Henry Mangles Denham

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Commander Henry Mangles Denham, Royal Navy (9 September, 1897 – ) served in the Royal Navy.

Life & Career

Denham emerged from the Training Establishment in August 1914 and was appointed to the battleship Agamemnon, where he remained through 19 September, 1916. He wrote a book about his time in the ship, in action at the Dardanelles. He then served in the Beagle Class destroyer Racoon until 28 June, 1917.

Following a brief torpedo course at H.M.S. Vernon, Denham was appointed to the elderly destroyer Sylph on 8 October, 1917. He was promoted to the rank of Lieutenant on 15 September, 1918 and left Sylph when he was superseded on 14 December, 1918.

On 6 December, 1920, Denham was appointed Lieutenant in Command of the motor launch M.L. 8, in service on the Rhine.[1] Although it is extremely difficult to read, he appears to have been thanked for efforts to save Leading Stoker G. Stevens from drowning in the river in 1922. Denham was superseded in command of the motor launch on 10 January, 1923.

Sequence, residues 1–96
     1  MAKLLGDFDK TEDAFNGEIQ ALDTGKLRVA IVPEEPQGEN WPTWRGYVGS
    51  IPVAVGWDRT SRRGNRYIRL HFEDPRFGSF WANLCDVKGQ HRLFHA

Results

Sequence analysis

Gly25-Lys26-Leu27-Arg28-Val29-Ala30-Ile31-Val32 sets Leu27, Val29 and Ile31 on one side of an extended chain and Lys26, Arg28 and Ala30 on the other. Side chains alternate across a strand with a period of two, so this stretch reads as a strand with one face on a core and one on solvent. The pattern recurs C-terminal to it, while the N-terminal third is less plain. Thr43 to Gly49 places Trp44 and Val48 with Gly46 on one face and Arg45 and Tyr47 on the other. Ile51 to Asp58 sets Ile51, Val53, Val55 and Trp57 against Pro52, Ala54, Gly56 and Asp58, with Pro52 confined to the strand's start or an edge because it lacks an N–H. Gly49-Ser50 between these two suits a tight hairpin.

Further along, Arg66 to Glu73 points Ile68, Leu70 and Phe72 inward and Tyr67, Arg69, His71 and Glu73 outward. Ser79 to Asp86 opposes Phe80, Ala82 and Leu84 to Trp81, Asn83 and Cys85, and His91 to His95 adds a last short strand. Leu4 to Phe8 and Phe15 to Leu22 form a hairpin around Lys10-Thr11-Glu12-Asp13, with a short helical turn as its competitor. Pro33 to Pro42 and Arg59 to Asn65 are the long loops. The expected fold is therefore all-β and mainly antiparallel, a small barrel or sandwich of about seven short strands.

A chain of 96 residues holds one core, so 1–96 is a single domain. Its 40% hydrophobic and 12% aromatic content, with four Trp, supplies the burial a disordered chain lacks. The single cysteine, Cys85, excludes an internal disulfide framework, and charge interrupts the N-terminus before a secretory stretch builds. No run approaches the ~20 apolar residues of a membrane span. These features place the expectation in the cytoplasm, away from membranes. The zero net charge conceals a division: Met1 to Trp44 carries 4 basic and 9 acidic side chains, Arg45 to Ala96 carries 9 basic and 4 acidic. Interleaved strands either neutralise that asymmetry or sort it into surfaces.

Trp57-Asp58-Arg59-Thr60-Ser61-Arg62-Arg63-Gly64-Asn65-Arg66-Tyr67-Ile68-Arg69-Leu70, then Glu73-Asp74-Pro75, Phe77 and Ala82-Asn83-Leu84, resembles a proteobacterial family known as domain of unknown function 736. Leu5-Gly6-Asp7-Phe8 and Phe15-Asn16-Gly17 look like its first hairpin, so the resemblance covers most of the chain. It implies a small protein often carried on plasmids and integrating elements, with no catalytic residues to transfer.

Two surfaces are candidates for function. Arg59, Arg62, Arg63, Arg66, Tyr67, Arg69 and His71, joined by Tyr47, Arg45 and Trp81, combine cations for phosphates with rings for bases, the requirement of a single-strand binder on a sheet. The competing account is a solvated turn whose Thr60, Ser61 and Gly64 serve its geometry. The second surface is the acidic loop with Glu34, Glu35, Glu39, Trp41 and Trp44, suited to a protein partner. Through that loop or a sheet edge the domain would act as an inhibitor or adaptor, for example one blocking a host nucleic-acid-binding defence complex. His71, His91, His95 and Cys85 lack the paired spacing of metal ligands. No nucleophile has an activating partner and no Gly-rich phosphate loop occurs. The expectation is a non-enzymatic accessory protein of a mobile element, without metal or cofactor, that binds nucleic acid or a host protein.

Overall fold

He went to Austria to study the German language in 1924.

Denham was promoted to the rank of Lieutenant-Commander on 15 September, 1926. From 1926 through 1932, he served in a variety of appointments as an acting intepreter in German before being promoted to the rank of Commander on 30 June, 1932.

World War II

Denham was in Norway for some of the war.

He was placed on the Retired List on account of age on 9 September, 1957.

See Also



  1. The Navy List. (January, 1923). p. 784.